In all events, the petitioner cannot premise a colorable due process claim solely on the denial of an opportunity to depart later. For due process to attach, there must be a cognizable liberty or property interest at stake. See Mathews v. Eldridge, 424 U.S. 319, 334-35, 96 S.Ct. 893, 47 L.Ed.2d 18 (1976). None exists here. “Adjustment of status is not an entitlement,” but, rather, a matter of administrative discretion. Henry v. INS, 74 F.3d 1, 7 (1st Cir.1996); see also INS v. Abudu, 485 U.S. 94, 105, 108 S.Ct. 904, 99 L.Ed.2d 90 (1988). So too voluntary departure, which is a privilege, not a right. See Tamas-Mercea v. Reno, 222 F.3d 417, 427 (7th Cir.2000); see also 8 U.S.C. § 1229c(f) (depriving federal courts of appellate jurisdiction over denials of voluntary departure). There is no property interest involved and, because the relief of voluntary departure (like the relief of adjustment of status) is essentially discretionary, there is no cognizable liberty interest in that remedy. See Ali v. Ashcroft, 366 F.3d 407, 412 (6th Cir.2004) (explaining that an IJ's failure to grant voluntary departure does not involve a deprivation of a petitioner's liberty interest); see also Finlay v. INS, 210 F.3d 556, 557 (5th Cir.2000) (explaining that “the denial of discretionary relief does not rise to the level of a constitutional violation, even if [the alien] had been eligible for it”) (citations omitted).
We need go no further.6 For the reasons set forth above, the petition for judicial review must be denied.
1. The Homeland Security Act of 2002, Pub.L. 107-296, § 471, 116 Stat. 2135, 2205 (codified as amended at 6 U.S.C. § 291(a)), abolished the INS and transferred many of its duties to the Department of Homeland Security. See Lattab v. Ashcroft, 384 F.3d 8, 13 n. 2 (1st Cir.2004).
2. The petitioner has eschewed any argument that this motion was not a second motion because the IJ had denied his first motion to reopen “without prejudice.” In all events, that argument would not wash. The petitioner waited over four years before filing his second motion to reopen. That motion made no attempt either to remedy the Lozada defects that prompted the denial of his original motion or to reallege the claim of ineffective assistance of counsel. Instead, his new motion totally abandoned the ineffective assistance claim in favor of a wholly different legal theory premised on entirely different facts. If the IJ's order in response to the petitioner's first motion to reopen left open the possibility of a second motion-a matter on which we take no view-it did so only “insomuch as [the petitioner] failed to comply with ․ Lozada.” The IJ's use of the phrase “without prejudice” did not give the petitioner an open-ended ticket to challenge the order of removal at any future time and on any conceivable grounds.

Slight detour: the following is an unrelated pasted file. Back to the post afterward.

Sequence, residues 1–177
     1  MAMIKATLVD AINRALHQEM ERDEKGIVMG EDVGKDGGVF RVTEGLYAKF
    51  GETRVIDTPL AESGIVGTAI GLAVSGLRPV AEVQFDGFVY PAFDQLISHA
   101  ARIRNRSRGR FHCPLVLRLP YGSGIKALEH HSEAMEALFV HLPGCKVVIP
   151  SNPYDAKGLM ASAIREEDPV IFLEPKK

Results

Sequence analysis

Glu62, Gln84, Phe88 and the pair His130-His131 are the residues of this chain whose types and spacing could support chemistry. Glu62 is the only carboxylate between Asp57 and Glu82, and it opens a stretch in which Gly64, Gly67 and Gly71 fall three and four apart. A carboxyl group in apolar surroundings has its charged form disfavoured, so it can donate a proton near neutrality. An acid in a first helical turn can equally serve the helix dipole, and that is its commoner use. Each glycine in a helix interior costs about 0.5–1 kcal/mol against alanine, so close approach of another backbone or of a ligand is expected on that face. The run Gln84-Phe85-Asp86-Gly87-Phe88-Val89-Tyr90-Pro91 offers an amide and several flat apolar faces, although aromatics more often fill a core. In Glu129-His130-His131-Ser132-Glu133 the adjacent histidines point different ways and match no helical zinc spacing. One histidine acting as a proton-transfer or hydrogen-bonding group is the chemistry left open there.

3. As to the latter circumstance, the motion papers intimated that the petitioner was entitled to relief under the Haitian Refugee Immigration Fairness Act of 1998 (HRIFA), Pub.L. 105-277, div. A, sec. 101(h), § 901 et seq., 112 Stat. 2681, 2681-538 to-542. This proved to be a red herring, and the petitioner subsequently abandoned the HRIFA claim. Although we need not deal with it here, we note that the petitioner plainly does not satisfy HRIFA's eligibility criteria. See id. § 902(b)(1), 112 Stat. at 2681-538 (conditioning eligibility for special prophylaxis on, inter alia, an alien's having been paroled into the United States or having applied for asylum before December 31, 1995).
4. This limitation may be relaxed if a petitioner can show either that conditions in his native land have changed materially or that the underlying order of removal was entered in absentia because of the petitioner's inability to appear. 8 C.F.R. § 1003.23(b)(4)(i-ii). The petitioner makes no developed argument that either of these exceptions applies in this case. The regulations provide no grounds for relief based on changes in a petitioner's marital status or domestic circumstances.
5. At the expense of carting coal to Newcastle, we add that the petitioner has also waived this point by neglecting to raise it in his opening brief to this court. See, e.g., Mediouni v. INS, 314 F.3d 24, 28 n. 5 (1st Cir.2002); Sandstrom v. ChemLawn Corp., 904 F.2d 83, 89 n. 6 (1st Cir.1990).
6. For the first time, the petitioner raises before us the possibility that his voluntary departure deadline should be equitably tolled. We lack jurisdiction to consider this previously unraised contention. See Makhoul, 387 F.3d at 80; Sousa, 226 F.3d at 31-32; see also 8 U.S.C. § 1252(d)(1).
SELYA, Circuit Judge.